Clover Health Survey Finds 69 Percent of New Jersey Seniors Are Concerned About Their Financial Stability

As the Garden State population ages, nearly half of retired residents have considered returning to work for financial reasons

 

JERSEY CITY, N.J. (April 15, 2019) – Newly released survey results from Clover Health revealed 69 percent of New Jersey adults 60 and older are concerned about their future financial stability. Further, 46 percent of retired seniors surveyed have considered re-entering the workforce for financial reasons, indicating a worrisome trend for the Garden State’s aging population.

 

Despite this level of financial instability, New Jersey seniors are less worried than their peers across the U.S. Nationally, 72 percent of adults over 60 expressed concerns about their future financial well-being, and 47 percent of retirees have contemplated re-entering the workforce.

 

The Clover survey also found that:

  • New Jersey women over 60 worry more about their finances than men: While 74 percent of female seniors are concerned about their future financial stability, just 62 percent of local men reported feeling the same. Women are also more likely to consider going back to work 48 percent said they’ve thought about coming out of retirement for financial reasons, compared to only 44 percent of men.
  • Low-income seniors in the Garden State admit to serious concern about future financial stability: A whopping 86 percent of local seniors with a household income below $35,000 are concerned about future finances, compared to 80 percent of those who make $35,000 to $74,999, and 52 percent of older adults with an income above $75,000.
  • Single seniors are more likely to consider coming out of retirement: 56 percent of New Jersey seniors who are single have considered coming out of retirement for financial reasons, compared to 39 percent of those who are married or in a relationship.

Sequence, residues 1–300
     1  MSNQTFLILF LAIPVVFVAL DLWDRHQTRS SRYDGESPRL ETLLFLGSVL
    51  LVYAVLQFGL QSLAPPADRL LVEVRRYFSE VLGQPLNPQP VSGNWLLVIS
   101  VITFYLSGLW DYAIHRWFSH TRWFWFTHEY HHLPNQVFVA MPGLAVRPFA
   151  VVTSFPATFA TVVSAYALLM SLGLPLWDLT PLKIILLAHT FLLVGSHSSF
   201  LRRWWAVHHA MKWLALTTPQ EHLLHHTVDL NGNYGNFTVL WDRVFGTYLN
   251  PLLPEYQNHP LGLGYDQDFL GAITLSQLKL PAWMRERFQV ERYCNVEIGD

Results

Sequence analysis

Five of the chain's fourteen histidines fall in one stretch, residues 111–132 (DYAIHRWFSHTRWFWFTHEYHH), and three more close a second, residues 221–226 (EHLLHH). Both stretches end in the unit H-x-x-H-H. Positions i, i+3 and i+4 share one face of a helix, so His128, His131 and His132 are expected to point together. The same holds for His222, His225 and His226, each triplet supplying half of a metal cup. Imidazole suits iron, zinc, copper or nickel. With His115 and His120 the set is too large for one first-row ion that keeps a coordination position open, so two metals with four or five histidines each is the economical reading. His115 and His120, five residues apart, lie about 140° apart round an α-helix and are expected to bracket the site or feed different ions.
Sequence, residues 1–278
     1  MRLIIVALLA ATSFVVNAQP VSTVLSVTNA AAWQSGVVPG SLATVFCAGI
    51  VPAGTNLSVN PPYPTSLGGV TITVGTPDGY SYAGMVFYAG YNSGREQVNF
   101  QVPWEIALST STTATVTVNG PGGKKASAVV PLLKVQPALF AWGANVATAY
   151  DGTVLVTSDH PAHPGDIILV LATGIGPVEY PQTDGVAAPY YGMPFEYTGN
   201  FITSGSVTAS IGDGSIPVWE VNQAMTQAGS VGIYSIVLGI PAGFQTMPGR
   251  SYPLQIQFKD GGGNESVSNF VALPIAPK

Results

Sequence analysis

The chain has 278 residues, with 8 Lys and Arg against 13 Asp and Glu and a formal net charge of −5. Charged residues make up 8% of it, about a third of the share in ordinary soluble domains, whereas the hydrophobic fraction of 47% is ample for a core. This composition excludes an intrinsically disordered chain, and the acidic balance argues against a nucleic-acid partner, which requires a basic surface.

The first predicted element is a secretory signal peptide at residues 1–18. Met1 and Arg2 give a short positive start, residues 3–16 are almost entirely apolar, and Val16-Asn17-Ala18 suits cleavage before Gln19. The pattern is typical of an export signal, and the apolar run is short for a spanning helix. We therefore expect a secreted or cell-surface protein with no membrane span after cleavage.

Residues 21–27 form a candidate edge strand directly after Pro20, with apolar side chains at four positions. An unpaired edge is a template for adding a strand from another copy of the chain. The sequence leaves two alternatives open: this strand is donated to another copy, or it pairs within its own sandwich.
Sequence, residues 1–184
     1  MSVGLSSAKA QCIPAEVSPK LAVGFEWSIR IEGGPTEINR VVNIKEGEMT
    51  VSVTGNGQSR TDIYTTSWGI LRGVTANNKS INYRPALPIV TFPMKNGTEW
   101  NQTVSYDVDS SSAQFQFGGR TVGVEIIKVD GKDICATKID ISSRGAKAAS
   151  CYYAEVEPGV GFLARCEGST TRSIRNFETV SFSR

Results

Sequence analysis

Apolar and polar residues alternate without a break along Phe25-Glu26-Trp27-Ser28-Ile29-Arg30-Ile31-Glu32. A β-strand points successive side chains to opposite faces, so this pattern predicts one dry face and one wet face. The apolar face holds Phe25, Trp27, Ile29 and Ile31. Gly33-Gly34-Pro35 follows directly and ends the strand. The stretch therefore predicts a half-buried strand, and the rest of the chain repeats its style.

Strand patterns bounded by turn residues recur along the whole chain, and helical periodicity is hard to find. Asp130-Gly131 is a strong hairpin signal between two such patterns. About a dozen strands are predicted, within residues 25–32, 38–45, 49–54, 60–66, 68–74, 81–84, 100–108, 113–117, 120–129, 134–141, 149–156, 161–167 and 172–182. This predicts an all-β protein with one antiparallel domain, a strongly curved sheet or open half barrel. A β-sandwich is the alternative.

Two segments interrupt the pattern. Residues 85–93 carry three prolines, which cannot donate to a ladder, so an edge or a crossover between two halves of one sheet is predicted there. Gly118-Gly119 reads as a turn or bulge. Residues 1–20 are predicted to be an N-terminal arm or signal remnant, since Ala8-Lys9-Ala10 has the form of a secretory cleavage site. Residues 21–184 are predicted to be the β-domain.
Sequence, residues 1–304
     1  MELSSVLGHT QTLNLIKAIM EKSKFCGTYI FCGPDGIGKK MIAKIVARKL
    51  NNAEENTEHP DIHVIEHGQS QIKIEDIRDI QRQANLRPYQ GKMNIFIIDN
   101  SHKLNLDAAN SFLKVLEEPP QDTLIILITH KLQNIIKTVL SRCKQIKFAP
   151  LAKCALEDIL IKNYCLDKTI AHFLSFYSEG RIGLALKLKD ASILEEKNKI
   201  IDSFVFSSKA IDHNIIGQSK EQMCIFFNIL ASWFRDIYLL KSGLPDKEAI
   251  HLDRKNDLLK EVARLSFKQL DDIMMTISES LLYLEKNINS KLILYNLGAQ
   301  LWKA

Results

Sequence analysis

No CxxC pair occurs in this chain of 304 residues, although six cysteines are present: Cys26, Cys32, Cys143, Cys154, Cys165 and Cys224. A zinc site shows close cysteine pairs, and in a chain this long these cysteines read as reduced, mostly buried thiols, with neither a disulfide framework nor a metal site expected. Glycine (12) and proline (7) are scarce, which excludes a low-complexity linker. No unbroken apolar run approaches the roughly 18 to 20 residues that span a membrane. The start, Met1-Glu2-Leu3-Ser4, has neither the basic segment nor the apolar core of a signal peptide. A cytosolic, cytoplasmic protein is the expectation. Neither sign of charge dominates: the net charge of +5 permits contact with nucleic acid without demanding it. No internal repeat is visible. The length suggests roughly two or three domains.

As Americans continue to live longer than before, it is no surprise the workforce is changing. In fact, one recent analysis of Labor Department data reveals that of the 2.9 million new jobs gained in 2018, nearly half (1.4 million) were taken by adults 55 and over. While some older adults are going back to work to alleviate boredom or to remain active as they age, deciding to leave retirement due to financial stress can be detrimental to the health of those individuals.

 

“It’s disheartening to see that more than two-thirds of New Jersey seniors have serious financial concerns,” said Dr. Olga Benitez, an in-network Clover physician and member of New Jersey’s CarePoint Health. “Adults with poor financial health are more likely to report symptoms of anxiety and depression, migraines, and trouble sleeping. Even in times of stress, it’s crucial to continue to visit your primary care doctor for proactive ways to maintain your mental and physical health.”

 

As a Medicare Advantage plan serving members across New Jersey, Clover is focused on preventative healthcare by leveraging data and its technology platform to proactively address potential illnesses and complications. In doing so, Clover helps its members mitigate the risk of hospitalizations along with the accompanying financial stressors, something that is extremely valuable to seniors on a fixed income. 

 

The study from Clover, a healthcare company using technology to improve medical outcomes, was conducted by Wakefield Research of 300 adults age 60 and older in New Jersey. The national survey was of 1,000 adults 60+ throughout the U.S.